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Community Gardens: How US Cities Are Putting Them To Work

Cities all over the United States are making use of their green spaces.

US cities are bridging the food scarcity gap, growing fresh produce, and educating residents about sustainability through community gardening. With tropical, dry, temperate), continental, and polar climate zones, every city experiences unique growth challenges. However, with a renewed dedication to sustainable practices and thriving technology such as hydroponics and aquaponics, it’s never been a better time to get involved with your local community garden.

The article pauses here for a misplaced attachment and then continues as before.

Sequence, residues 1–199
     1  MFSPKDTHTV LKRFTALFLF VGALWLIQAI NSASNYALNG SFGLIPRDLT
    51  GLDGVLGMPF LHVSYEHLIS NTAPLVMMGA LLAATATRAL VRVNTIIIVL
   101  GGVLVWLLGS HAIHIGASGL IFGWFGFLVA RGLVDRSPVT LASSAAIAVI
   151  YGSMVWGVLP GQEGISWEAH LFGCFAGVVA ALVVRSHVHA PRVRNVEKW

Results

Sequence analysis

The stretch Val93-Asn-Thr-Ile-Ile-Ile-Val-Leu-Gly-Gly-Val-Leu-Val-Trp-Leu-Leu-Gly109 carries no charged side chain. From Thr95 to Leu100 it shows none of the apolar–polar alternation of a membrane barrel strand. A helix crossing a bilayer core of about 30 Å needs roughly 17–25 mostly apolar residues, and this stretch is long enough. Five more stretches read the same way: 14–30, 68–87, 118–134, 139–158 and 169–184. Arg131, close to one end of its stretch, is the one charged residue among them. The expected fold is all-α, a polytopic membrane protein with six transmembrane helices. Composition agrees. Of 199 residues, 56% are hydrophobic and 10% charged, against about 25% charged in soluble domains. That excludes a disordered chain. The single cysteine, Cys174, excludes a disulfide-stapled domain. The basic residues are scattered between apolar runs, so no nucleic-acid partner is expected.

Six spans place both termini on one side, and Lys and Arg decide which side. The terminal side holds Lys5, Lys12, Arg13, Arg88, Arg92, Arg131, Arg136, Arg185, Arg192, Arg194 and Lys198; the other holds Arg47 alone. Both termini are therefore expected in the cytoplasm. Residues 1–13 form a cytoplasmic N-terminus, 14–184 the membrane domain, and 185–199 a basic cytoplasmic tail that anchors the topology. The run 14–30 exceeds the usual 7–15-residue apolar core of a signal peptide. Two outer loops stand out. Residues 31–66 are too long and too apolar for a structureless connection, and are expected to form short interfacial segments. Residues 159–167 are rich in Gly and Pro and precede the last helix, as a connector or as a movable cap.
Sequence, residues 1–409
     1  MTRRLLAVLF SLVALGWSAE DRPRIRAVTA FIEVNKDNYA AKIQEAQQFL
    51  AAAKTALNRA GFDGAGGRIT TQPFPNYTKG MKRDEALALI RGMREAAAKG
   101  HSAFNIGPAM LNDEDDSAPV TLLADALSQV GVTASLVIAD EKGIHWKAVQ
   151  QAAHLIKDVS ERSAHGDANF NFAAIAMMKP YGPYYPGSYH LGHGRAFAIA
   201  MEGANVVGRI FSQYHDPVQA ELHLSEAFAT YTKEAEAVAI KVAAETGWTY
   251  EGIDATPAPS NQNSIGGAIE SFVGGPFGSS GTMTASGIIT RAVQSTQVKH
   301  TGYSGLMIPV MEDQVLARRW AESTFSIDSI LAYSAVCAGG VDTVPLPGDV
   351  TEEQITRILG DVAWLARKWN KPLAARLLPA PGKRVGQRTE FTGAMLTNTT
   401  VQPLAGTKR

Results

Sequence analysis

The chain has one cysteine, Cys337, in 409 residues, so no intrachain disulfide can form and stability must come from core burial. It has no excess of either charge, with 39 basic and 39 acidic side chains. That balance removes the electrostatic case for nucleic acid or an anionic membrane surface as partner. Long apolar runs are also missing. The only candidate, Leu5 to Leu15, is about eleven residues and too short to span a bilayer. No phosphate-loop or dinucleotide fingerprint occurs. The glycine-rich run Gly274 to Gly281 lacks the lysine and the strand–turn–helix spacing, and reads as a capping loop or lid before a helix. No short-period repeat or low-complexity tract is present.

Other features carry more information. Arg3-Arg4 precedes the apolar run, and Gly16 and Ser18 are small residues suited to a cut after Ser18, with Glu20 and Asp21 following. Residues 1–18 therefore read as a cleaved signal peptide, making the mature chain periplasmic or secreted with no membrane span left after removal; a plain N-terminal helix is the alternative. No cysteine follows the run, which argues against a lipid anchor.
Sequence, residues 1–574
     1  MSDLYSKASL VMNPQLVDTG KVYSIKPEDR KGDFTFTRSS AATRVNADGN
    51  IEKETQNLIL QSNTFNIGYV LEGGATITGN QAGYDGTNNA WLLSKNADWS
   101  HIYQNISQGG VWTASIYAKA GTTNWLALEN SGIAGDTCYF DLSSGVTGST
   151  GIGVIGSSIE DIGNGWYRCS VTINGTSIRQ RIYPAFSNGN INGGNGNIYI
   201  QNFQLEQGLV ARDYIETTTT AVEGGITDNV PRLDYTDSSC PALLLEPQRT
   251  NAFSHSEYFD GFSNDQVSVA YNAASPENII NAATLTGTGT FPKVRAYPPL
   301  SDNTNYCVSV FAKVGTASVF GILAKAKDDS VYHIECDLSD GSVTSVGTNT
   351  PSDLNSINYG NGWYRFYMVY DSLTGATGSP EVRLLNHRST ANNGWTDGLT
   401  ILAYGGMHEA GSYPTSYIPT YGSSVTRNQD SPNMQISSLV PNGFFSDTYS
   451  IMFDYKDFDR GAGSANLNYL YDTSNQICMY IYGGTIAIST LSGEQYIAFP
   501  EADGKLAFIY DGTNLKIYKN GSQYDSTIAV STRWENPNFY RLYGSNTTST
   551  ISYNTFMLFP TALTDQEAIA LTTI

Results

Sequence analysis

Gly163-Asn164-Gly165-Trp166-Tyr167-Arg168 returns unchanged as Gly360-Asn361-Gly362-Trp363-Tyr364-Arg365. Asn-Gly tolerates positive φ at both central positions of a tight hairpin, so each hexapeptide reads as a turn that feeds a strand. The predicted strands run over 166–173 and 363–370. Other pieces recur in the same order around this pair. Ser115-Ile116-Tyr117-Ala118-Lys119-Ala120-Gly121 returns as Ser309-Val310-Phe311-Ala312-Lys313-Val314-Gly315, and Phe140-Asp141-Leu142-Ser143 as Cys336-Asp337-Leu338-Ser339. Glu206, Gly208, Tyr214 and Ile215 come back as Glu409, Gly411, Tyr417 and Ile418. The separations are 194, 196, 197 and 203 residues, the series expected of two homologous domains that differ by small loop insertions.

Community garden organizations from coast to coast

From Maine to Hawaii, states are finding ways to encourage and incentivize residents to get involved in gardening. Here are just a few states with organizations that set locals up for success. 

Anchorage Community Gardens

Anchorage has five community gardens with a total of 248 plots. The gardens vary in size, and include public facilities such as trash cans and restrooms. Alaska presents gardening challenges such as severe wind, cold soil, and heavy rain, and Anchorage Community Gardens provides resources and guidelines to get started. Temperatures in Alaska are also rising due to climate change, causing regional changes in precipitation. Typically, vegetables like broccoli, Brussels sprouts, cabbage, cauliflower, chard, rutabagas, and turnips grow well in Alaska.

Friends of Portland Community Gardens